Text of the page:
I am in the process of preparing a conference paper discussing gender differences in reading (and education more widely). However, in need of a break from it, so thought a quick post about the topic would provide a welcome rest….
I’ve carried out quite a bit of research exploring gender differences in reading. While my initial publications referred to ‘gender’ differences, my preference now is to refer to ‘sex’ differences as I am becoming increasingly interested in the distinction between the two. Indeed, the terms sex and gender are typically used interchangeably in the research literature; however while sex refers to biological differences between boys and girls (and is typically the focus of research exploring sex/gender differences), gender refers to the characteristics typically associated with being male or female. Both boys and girls will vary in the extent to which they identify with traditional/stereotypical masculine and feminine traits (i.e., their gender identity). It is this variation among boys and girls that interests me more – i.e., can sex differences commonly found within education be better understood from a gender identity perspective?
To date, I have carried out two studies on this topic (see references below). In Study 1 (McGeown et al., 2012) we explored sex differences in children’s motivation to read (girls, on average, typically report greater reading motivation) and in Study 2 (McGeown, 2013) explored sex differences in book choices (comparing books ‘aimed’ at boys, girls or gender neutral). In the first study, we found that children’s (both boys and girls) identification with feminine traits was more closely related to their motivation to read, than their identification with masculine traits. In the second study, we found that children’s identification with feminine traits was more closely related to the likelihood that they would read gender neutral books (and books aimed at girls). In addition, girls were more likely to transcend gender boundaries when it came to book choices (i.e., were more likely to read books marketed towards boys, than boys were to read books marketed towards girls).
What both studies illustrate however, is that for both boys and girls, identifying with traditional/ stereotypical ‘feminine’ characteristics (e.g., being kind, caring, compassionate, etc – see Boldizar 1991 for questionnaire used) is associated with greater motivation to read and greater book reading. This suggests that reading is still perceived as a more feminine activity.
In terms of educational significance, I have suggested that interventions to de-feminise reading, such as providing male role models as readers or more male orientated environments for boys to develop their reading skills could be useful. Also, interventions that are focused towards promoting reading between fathers and their children may also be effective at reducing children’s early perceptions that reading is a more feminine activity. I also suggest that careful consideration should be given to the types of books available in schools; boys in particular will benefit from having access to books predominately aimed at males, as they are less likely to transcend gender boundaries and may still perceive ‘gender neutral’ books as more feminine than masculine.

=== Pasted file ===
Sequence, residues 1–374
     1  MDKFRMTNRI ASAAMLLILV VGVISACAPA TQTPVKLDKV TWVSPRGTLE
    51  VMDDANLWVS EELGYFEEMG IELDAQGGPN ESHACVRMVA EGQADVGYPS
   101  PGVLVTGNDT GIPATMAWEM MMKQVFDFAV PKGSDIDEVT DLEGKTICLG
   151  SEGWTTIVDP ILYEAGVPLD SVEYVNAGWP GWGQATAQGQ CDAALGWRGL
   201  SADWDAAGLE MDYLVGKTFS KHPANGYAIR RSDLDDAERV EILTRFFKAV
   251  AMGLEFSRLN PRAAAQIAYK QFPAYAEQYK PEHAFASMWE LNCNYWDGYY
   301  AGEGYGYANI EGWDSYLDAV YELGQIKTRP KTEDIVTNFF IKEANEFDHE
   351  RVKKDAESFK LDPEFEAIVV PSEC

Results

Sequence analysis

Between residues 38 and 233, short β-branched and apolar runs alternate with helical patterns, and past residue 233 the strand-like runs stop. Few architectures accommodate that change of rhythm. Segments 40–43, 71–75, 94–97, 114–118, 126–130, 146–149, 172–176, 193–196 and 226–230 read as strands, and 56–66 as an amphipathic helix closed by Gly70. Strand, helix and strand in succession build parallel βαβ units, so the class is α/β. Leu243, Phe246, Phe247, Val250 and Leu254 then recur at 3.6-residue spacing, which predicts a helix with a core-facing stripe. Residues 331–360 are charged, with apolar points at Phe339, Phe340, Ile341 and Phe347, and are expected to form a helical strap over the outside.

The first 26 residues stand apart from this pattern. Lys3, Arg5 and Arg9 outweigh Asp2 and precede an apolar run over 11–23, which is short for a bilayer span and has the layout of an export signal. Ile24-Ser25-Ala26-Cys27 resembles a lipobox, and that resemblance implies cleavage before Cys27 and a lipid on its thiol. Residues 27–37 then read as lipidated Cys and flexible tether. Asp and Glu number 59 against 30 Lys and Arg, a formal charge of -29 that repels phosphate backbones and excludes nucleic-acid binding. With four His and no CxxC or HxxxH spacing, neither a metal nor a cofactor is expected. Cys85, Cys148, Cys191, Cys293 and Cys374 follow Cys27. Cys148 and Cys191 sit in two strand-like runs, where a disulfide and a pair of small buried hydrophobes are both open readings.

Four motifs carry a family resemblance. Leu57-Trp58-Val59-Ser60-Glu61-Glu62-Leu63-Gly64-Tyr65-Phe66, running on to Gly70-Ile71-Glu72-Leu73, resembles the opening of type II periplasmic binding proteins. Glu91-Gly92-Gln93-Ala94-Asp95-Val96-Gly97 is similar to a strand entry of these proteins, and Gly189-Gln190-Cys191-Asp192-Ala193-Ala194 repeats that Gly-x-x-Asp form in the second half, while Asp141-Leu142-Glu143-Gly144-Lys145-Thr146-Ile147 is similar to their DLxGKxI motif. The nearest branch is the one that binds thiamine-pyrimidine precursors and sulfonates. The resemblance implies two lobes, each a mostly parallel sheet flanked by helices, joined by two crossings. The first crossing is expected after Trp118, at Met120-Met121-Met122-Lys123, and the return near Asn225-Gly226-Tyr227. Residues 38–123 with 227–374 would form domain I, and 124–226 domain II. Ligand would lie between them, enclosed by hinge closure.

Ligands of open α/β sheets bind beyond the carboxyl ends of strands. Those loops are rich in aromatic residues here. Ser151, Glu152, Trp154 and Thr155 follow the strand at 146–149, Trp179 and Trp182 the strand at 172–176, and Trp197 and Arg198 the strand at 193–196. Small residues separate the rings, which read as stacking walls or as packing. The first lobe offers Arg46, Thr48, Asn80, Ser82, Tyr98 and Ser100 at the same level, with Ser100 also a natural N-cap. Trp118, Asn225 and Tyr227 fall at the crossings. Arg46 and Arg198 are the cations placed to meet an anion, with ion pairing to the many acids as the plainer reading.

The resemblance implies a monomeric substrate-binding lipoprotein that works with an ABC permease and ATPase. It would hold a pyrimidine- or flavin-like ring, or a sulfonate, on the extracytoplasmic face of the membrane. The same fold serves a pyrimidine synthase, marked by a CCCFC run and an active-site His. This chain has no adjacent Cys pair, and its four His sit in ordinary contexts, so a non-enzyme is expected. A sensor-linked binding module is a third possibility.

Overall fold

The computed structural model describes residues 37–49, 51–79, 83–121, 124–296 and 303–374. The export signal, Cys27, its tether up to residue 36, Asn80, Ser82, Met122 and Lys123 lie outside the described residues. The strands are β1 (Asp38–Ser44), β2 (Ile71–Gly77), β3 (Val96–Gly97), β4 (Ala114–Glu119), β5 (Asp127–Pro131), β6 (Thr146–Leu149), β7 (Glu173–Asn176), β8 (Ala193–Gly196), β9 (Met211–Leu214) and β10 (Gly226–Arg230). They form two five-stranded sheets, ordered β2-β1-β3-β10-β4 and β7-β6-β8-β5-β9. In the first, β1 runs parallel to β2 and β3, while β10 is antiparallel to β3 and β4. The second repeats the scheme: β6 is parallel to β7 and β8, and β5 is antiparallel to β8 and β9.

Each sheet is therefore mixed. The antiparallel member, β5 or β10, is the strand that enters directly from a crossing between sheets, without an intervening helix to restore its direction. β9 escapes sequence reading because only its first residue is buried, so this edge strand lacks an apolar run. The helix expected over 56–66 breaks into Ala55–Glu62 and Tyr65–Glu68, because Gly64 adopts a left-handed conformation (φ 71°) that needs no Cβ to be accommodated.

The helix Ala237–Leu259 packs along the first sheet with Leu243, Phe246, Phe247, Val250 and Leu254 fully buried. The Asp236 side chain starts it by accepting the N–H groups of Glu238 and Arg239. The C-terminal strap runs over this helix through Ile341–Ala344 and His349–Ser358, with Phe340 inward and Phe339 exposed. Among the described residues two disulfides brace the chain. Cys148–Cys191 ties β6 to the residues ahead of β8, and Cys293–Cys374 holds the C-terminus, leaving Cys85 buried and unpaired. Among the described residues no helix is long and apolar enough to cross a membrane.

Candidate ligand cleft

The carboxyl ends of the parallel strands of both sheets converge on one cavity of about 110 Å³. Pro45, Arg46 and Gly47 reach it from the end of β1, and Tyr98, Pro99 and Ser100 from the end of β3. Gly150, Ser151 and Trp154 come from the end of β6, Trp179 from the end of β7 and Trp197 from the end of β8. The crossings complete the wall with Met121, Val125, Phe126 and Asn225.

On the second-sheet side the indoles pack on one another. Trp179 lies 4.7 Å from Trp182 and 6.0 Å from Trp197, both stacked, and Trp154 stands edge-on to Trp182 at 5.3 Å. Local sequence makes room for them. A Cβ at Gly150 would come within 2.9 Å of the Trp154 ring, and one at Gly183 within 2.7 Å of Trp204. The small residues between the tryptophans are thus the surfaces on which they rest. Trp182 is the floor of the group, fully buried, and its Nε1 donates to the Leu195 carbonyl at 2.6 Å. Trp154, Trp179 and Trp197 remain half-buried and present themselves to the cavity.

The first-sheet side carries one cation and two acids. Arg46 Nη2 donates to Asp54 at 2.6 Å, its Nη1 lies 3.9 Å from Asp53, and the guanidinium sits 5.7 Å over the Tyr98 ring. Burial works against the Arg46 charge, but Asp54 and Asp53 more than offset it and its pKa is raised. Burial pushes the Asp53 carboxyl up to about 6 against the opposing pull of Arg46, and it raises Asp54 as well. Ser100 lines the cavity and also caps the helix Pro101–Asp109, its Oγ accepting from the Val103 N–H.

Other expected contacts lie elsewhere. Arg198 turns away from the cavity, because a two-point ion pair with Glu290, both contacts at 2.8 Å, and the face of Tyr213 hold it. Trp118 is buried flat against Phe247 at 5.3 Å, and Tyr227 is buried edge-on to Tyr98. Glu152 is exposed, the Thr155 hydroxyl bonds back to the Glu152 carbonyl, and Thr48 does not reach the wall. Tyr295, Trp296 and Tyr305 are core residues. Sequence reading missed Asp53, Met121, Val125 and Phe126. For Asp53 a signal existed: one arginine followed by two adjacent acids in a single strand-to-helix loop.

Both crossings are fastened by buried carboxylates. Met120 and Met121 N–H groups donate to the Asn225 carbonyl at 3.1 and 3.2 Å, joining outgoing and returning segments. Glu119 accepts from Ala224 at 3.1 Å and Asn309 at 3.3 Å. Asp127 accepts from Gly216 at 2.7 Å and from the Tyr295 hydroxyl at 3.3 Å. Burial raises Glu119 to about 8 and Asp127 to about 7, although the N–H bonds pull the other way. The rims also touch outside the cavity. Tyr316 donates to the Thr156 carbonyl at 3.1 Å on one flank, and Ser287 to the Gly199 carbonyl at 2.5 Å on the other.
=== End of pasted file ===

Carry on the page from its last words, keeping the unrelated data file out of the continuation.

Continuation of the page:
Beyond these two studies however, I believe that this focus on gender identity could be a helpful one for studying other ‘gender’ trends within education, as it removes this dichotomy between boys and girls. Indeed, any psychology/educational researcher interested in sex/gender differences knows that there is greater within group variance (i.e., variation among girls or variation among boys) within specific aspects of education (e.g., attainment, motivation, etc) than there is between group variance (i.e., differences between boys and girls). As noted by Hyde’s (2005) ‘gender similarities hypothesis’ an over emphasis on studying or discussing gender differences suggests that males and females are more different than they actually are. Perhaps studying gender identity instead is a better way of understanding the gender trends that are typically found within education.
Boldizar, J.P. (1991). Assessing sex typing and androgyny in children: The Children’s Sex Role Inventory. Developmental Psychology, 27(3), 505–515.
Hyde, J. S. (2005). The gender similarities hypothesis. American Psychologist, 60, 6
McGeown, S., Goodwin, H., Henderson, N., & Wright, P. (2012). Gender differences in reading motivation: Does sex or gender identity provide a better account? Journal of Research in Reading, 35(2), 328-336.
McGeown, S. P. (2013). Sex or gender identity? Understanding children’s reading choices and motivation. Journal of Research in Reading. DOI: 10.1111/j.1467-9817.2012.01546.